My Cream of Mushroom Soup features sautéed mushrooms and vegetables seasoned with fresh herbs, broth, and coconut cream for a rich and creamy soup without the dairy. It’s slightly sweet and savory with rich notes of umami from two types of mushrooms. This soup is gluten-free, paleo, vegan- and AIP-friendly.
Table of contents
Gluten-Free Dairy-Free Cream of Mushroom Soup
This gluten-free, dairy-free Cream of Mushroom Soup is a bowl of pure comfort. It’s warm and earthy, with layers of savory and umami flavors. Sautéed, lightly caramelized onions, leeks, and garlic form the flavor base while a mix of mushrooms creates the primary flavor. These sautéed mushrooms create a robust umami-rich taste and hearty texture. Fresh thyme, rosemary, and bay leaves infuse the soup with herbal and aromatic notes, seasoned with some black pepper and salt.
White wine vinegar adds a kick amidst rich, flavorful broth and silky, mildly sweet coconut cream. The broth forms the liquid base of the soup while the coconut cream thickens and provides a creamy texture without gluten or dairy. Once simmered and the flavors meld, the soup is blended with some coconut aminos for added umami flavor. An optional touch of Dijon mustard adds a subtle tanginess and spicy kick.
- olive oil
- yellow onion
- mushrooms – I recommend using cremini and shiitake mushrooms.
- sea salt and black pepper – to taste.
- fresh thyme
- fresh rosemary
- whole bay leaves
- white wine vinegar
- broth or stock – if using a store-bought product, ensure it’s gluten-free, low sodium, and that the ingredients comply with your dietary needs.
- coconut cream – provides a rich, creamy texture without any dairy nor an overpowering coconut flavor in combination with the other ingredients.
- coconut aminos – for added umami flavor without soy or gluten.
- Dijon mustard – for an optional pop of acidity.
- Cremini mushrooms: You can substitute cremini mushrooms with button mushrooms.
- Broth/stock: Use your choice of vegetable stock, or, if not vegan, opt for chicken or beef bone broth or stock.
- Coconut aminos: You can use tamari, a gluten-free soy sauce, instead of coconut aminos if you don’t need the soup to be soy-free.
- Coconut cream: You can also use the separated cream part of canned, full-fat coconut milk.
- AIP modification: If you are in the elimination stage of the autoimmune protocol (AIP diet), omit the black pepper, ensure the bone broth and coconut cream use AIP-compliant ingredients, and omit the Dijon mustard.
- Vegan modification: Use a certified vegan vegetable broth or stock.
Step 1: Sauté the Aromatics
Add 2 TBSP of olive oil to your soup or stockpot over medium heat and sauté the onions and leeks until they become soft and tender. This light caramelization adds sweet and savory notes and builds the flavor base of this rich soup.
Next, sauté the garlic for a few minutes until fragrant.
Add the remaining olive oil and sauté the mushrooms. We want the mushrooms to get direct contact with the pan and cook in the oil so they release their moisture and flavor, and cook down til they soften. Season with sea salt and black pepper to taste. Then, add the whole fresh herbs.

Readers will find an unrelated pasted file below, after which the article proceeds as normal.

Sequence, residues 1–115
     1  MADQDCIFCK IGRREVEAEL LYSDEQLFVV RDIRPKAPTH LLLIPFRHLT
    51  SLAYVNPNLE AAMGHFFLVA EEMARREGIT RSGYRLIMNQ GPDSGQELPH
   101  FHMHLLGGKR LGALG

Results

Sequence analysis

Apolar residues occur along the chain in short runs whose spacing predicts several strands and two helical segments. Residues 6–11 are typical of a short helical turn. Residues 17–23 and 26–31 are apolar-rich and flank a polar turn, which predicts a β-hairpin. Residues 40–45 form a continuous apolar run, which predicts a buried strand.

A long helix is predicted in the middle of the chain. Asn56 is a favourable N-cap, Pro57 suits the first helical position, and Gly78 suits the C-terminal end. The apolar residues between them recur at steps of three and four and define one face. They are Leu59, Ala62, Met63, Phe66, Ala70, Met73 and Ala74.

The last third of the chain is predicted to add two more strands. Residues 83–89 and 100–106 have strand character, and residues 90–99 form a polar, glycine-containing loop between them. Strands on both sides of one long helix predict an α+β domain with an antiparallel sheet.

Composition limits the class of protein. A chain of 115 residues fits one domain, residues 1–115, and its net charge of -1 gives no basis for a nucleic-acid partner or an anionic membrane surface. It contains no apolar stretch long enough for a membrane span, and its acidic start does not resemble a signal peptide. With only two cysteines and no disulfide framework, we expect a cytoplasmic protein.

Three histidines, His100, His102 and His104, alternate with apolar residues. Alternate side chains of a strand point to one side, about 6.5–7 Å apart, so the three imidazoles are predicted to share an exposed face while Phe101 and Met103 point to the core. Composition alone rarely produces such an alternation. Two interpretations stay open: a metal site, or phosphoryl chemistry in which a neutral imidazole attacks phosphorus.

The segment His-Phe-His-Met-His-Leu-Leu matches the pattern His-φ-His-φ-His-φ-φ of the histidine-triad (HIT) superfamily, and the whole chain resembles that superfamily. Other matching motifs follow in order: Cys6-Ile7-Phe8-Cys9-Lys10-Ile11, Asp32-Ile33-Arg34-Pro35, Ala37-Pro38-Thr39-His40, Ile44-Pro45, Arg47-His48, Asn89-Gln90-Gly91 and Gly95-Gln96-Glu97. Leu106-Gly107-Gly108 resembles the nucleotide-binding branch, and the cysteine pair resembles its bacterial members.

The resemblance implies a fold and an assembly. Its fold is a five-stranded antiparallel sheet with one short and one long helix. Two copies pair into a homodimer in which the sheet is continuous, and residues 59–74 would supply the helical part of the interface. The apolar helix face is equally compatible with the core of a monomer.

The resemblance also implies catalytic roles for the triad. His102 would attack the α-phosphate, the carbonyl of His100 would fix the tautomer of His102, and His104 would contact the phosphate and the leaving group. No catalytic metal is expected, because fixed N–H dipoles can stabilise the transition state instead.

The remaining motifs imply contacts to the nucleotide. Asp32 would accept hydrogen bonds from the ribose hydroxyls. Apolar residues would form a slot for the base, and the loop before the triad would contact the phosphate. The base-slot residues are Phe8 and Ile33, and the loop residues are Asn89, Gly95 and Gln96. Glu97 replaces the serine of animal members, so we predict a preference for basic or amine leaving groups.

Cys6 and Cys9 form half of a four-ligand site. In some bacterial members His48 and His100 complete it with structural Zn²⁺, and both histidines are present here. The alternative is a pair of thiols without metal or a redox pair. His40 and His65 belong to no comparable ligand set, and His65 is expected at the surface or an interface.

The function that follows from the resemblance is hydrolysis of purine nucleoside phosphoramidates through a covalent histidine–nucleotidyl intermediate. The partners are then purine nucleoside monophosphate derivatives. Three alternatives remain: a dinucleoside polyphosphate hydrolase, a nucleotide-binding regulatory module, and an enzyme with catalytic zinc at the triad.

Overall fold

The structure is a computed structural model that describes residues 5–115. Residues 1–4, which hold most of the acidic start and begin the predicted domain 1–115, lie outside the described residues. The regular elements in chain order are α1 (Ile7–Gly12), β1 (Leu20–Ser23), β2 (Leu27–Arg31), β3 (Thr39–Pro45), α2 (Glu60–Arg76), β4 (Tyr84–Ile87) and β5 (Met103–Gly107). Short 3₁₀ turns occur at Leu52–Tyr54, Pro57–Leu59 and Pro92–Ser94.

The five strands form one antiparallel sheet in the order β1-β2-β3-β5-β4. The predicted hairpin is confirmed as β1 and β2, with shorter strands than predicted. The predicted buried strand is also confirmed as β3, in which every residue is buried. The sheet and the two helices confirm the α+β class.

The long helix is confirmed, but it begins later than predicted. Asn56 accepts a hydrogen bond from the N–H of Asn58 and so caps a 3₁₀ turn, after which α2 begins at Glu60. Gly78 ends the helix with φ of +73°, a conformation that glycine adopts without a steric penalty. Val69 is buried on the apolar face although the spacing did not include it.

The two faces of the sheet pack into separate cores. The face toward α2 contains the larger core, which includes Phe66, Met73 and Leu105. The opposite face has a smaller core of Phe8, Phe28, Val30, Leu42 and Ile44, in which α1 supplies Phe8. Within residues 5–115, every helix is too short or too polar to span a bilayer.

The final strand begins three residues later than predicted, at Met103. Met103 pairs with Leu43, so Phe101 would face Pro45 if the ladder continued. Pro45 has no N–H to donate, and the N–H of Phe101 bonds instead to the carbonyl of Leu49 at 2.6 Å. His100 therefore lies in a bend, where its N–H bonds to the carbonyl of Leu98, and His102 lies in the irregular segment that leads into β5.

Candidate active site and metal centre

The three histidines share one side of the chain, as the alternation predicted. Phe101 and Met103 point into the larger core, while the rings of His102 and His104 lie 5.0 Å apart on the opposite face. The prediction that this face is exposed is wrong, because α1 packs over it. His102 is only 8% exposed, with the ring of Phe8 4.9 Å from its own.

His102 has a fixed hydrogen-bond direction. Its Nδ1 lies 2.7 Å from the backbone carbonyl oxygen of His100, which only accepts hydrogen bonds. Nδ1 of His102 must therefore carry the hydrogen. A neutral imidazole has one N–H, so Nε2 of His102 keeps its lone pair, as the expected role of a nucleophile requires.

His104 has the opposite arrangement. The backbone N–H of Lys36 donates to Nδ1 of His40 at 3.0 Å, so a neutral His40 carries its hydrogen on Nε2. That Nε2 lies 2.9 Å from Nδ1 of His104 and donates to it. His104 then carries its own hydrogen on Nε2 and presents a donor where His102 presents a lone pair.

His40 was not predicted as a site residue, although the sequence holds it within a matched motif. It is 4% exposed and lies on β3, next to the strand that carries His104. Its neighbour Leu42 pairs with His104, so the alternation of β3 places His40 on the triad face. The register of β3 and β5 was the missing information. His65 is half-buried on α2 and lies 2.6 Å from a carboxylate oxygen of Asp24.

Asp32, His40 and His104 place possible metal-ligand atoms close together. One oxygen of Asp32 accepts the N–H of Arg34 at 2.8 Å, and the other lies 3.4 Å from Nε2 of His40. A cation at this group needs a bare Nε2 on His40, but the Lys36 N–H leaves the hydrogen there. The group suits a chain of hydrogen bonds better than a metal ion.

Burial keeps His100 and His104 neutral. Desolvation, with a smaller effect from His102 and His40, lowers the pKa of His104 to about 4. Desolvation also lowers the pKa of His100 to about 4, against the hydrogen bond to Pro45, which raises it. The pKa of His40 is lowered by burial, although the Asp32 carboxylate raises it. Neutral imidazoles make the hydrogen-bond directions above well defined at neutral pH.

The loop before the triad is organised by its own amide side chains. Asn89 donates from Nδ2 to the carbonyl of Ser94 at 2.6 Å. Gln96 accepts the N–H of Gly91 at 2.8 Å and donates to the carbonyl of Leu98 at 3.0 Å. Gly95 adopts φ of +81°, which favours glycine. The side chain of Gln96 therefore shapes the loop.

Step 2: Add the Liquids
First, add the white wine vinegar to deglaze the pan. Scrape up the font or the browned bits from the bottom of the pan. Next, add your broth or stock of choice and the coconut cream and mix together. Cover the pot and let simmer for 15-20 minutes.
Step 3: Blend
Remove about 3/4 of the soup and transfer to a blender. You can remove the whole fresh herbs at this point to avoid blending them. Blend until the soup becomes a velvety smooth mixture.
Step 4: Simmer
Return the puréed mushroom soup to the pot. If you’d like, add Dijon mustard for added brightness. Bring the soup back to a simmer for a few minutes to allow the flavors to meld while the soup thickens.
Step 5: Serve
Ladle the soup into bowls. For a touch of extra richness, you can drizzle the top with some high quality olive oil and garnish with chopped fresh parsley. Top with more freshly ground black pepper if you’d like (AIP reintro).
Frequently Asked Questions
No. Classic cream of mushroom soups, whether homemade or canned, are typically made with gluten containing wheat flour and butter for the roux base, as well as other dairy like cream or milk, and gluten like wheat starches for additional thickening.
See the Ingredient Substitutions section.
Yes you can! See the notes on Vegan and AIP modifications in the Ingredient Substitutions section.
Yes, you can make this soup in advance and keep it in the fridge or the freezer for longer storage. If freezing it, thaw it in the fridge overnight. Reheat the soup on the stovetop and serve warm.
Enjoy this hearty and flavorful soup as a main dish for lunch or dinner. You can also use it in pastas, casseroles, or anywhere you would use a canned cream of mushroom soup. It’s also a main ingredient in my Gluten-Free Green Bean Casserole.
Storage & Reheating Instructions
Reheating: This soup should be served warm. Reheat in the microwave or on the stovetop.
Fridge: Store in an airtight container in the refrigerator for up to 1 week.
Freezer: Store cooled soup in a freezer-safe container in the freezer for up to 3 months. Defrost in the fridge overnight and reheat on the stovetop.
I hope you love this gluten-free and dairy-free Cream of Mushroom Soup. If you do, I would appreciate it if you would give the recipe a star rating and review. Be sure to snap a picture of the finished product and share it with me on Instagram by tagging @healmedelicious and using the hashtag #healmedelicious.Print